LONDON – Richard Branson’s Virgin Orbit has hired bankers to help it go public this year through a special-purpose acquisition company, with the goal of a satellite start-up valuation of up to $ 3,000. million, according to people familiar with the matter.
The move represents Branson’s latest effort to capitalize on a recent boom in similar quotes with blank checks. His Virgin Group has played on both sides of the SPAC craze: In 2019, it included his space tourism company, Virgin Galactic Holdings. Inc.,
merging it with a SPAC, essentially a money reserve with a public listing.
Then in February, a Virgin-backed blank checking company said it would merge with 23andMe Inc. in a deal that valued the genetic testing company at $ 3.5 billion, including debt.
Branson’s two American space companies, Virgin Orbit and Virgin Galactic, have been bright spots in an empire that was otherwise hit hard by the pandemic. The spread of the new coronavirus and the resulting lockdowns around the world have affected the airline, tourism and gym businesses that are the core of the Virgin Group.
Virgin Orbit has hired Credit Suisse Group AG and LionTree LLC, and is seeking a SPAC merger partner that could go public with a value ranging from $ 2.5 billion to more than $ 3 billion, according to people familiar with the matter. .
Branson’s company owns 80% of Virgin Orbit, with the remainder owned by Mubadala Investment Co., the sovereign wealth fund of the United Arab Emirates.
The target valuation would mark a significant jump from the $ 1 billion that the rocket startup had been targeting last year, from a previously planned private fundraiser. The company has not yet ruled out a private fundraiser, but is now focused on a SPAC, these people said.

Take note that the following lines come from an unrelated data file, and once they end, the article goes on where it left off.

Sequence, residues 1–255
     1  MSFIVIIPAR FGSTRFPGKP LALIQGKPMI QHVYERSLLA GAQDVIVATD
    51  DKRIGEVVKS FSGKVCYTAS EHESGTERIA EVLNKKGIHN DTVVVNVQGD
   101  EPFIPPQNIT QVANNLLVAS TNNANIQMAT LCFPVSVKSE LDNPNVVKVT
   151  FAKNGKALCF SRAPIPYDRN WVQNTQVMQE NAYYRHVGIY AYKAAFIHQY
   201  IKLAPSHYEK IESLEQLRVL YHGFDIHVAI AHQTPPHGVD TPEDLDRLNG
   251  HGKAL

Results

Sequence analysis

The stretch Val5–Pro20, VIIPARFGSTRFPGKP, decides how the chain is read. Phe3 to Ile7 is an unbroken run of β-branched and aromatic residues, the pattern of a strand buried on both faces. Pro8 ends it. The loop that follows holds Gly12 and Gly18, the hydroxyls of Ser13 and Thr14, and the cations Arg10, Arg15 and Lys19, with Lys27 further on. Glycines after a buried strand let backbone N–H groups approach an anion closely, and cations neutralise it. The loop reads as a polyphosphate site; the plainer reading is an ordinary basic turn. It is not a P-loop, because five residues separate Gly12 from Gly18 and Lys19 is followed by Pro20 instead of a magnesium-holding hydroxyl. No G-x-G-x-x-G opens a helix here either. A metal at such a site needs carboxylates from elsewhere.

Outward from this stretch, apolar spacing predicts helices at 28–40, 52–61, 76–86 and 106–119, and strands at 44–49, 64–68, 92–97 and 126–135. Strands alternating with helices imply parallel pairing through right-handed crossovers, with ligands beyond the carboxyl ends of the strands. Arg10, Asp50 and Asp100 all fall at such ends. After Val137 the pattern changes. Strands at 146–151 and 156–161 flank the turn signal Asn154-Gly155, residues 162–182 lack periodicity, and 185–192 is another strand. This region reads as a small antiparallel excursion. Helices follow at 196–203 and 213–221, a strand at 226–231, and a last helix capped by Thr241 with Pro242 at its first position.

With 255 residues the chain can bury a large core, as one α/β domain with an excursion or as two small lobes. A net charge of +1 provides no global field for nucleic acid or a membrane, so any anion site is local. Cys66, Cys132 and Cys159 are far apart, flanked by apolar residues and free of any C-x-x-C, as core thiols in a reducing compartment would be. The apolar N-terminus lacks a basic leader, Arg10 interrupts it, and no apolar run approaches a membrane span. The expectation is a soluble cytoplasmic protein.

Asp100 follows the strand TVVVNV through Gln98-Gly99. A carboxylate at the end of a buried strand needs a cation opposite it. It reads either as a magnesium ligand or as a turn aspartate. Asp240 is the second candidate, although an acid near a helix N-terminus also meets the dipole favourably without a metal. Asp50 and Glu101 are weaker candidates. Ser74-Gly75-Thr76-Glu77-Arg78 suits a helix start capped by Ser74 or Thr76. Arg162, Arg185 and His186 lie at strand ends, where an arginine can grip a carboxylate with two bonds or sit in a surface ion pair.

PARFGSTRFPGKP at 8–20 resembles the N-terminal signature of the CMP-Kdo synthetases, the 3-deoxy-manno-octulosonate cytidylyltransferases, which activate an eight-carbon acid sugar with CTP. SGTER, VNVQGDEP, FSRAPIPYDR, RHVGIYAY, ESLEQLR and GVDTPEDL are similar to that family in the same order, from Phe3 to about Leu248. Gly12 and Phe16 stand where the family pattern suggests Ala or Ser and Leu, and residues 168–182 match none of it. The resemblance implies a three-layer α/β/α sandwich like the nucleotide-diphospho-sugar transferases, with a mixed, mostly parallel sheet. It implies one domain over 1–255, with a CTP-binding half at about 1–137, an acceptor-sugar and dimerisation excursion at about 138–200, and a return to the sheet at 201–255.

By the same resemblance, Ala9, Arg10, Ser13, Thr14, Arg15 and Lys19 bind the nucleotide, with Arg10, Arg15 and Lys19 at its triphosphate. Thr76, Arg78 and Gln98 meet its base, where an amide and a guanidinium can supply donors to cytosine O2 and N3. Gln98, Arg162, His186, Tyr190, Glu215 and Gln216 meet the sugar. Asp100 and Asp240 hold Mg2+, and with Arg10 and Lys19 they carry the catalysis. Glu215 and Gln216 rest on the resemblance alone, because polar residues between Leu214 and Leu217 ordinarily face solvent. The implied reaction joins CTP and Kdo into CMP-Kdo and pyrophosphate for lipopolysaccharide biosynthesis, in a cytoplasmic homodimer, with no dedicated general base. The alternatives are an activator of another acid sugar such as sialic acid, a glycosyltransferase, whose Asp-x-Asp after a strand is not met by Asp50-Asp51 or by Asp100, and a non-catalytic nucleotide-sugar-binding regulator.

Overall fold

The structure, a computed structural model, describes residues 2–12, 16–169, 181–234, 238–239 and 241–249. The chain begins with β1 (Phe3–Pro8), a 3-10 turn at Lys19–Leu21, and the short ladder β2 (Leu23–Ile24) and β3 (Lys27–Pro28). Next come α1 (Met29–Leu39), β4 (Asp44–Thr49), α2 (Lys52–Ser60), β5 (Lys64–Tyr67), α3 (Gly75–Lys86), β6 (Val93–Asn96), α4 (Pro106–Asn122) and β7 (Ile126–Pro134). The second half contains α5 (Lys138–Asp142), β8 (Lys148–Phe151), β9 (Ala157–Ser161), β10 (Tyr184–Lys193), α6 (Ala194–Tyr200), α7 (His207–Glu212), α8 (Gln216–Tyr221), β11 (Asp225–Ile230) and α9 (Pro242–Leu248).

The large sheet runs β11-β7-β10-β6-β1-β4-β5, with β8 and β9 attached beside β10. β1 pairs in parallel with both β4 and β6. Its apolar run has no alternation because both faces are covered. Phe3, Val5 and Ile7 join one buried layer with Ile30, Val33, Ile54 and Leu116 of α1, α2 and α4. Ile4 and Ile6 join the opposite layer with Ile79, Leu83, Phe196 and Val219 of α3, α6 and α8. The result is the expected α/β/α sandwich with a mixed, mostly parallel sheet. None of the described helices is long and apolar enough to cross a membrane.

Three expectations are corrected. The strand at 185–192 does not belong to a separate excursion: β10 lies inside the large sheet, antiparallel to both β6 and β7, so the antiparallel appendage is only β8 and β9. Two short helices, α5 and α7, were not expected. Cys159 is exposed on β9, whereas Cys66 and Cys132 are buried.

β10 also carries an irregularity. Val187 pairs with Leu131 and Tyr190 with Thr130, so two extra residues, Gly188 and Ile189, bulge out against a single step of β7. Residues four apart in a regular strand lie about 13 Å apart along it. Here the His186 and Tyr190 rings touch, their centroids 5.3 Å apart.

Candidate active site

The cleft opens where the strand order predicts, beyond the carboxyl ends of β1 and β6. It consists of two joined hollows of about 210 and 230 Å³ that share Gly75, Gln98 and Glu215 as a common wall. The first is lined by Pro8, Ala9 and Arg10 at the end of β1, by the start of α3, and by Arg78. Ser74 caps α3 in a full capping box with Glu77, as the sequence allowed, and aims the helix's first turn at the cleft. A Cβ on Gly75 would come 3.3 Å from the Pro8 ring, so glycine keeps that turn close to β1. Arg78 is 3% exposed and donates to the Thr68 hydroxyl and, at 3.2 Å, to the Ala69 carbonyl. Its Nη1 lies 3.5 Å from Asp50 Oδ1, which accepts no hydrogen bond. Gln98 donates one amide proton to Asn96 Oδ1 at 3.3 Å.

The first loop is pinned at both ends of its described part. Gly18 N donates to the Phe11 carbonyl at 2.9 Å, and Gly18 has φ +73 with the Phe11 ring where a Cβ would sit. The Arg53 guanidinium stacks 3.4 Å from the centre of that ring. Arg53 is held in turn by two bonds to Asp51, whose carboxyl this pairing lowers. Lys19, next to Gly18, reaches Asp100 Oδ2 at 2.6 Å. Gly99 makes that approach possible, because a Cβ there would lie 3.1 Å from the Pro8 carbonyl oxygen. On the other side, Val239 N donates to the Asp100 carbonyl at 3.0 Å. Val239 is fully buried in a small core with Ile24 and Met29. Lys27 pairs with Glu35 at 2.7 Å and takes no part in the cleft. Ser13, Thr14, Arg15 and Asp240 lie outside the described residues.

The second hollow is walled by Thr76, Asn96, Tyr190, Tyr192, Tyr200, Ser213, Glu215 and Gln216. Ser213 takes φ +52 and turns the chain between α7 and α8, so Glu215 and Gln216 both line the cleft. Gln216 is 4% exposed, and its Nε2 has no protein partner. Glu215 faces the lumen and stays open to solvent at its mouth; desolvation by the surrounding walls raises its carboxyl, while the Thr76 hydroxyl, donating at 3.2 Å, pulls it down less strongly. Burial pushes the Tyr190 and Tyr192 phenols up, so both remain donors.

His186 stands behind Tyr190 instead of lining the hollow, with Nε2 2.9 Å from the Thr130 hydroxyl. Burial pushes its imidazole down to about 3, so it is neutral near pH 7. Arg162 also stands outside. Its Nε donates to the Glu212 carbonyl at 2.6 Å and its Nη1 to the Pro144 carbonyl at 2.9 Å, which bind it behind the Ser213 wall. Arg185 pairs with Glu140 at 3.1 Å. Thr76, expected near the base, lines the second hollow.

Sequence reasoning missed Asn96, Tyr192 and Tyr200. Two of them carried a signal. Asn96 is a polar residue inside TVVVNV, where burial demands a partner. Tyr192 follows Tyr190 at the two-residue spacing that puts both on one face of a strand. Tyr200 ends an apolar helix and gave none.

Reaching the target valuation is far from guaranteed. Virgin Orbit has yet to reach an agreement with a specific SPAC to make a deal and then secure the additional outside investment that usually comes along with a SPAC merger.
Virgin Orbit is seeking a higher valuation after a successful test launch in January of one of its satellite-carrying rockets. That flight turned the company into a small group of small satellite launch providers capable of offering flight-tested hardware.
The Southern California-based company uses a unique launch method from its competitors. A converted jumbo jet launches a rocket, which then ignites and carries its payload of small satellites into orbit.
Virgin Orbit’s focus on a merger with a SPAC comes as investors are increasingly betting on falling costs of accessing the space for business, tourism and scientific research to fuel industry growth.
SPACs have proven to be a popular route for space-related startups. In February, Astra Space Inc. agreed to merge with Holicity Inc.,
a SPAC backed by billionaire telecommunications investor Craig McCaw, to be listed on the Nasdaq Stock Exchange. The alliance values the privately owned rocket launch startup at $ 2.1 billion, including debt.
Momentus Inc., a developer of technology to power small satellites into orbit, agreed in October to merge with Stable Road Acquisition. Corp.
, a SPAC, to be listed on Nasdaq, valued at $ 1.2 billion, including debt. And in December, AST & Science LLC agreed to merge with New Providence Acquisition. Corp.
, another SPAC. The deal valued the builder of a space-based cellular broadband network at $ 1.4 billion, including debt.
Corrections and amplifications
Virgin Orbit is based in Southern California. An earlier version of this article incorrectly called it a South Carolina-based company. (Corrected March 12)
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It appeared in the print edition of March 13, 2021 as ‘Branson Scouts a SPAC List for Its Satellite Launch Startup’.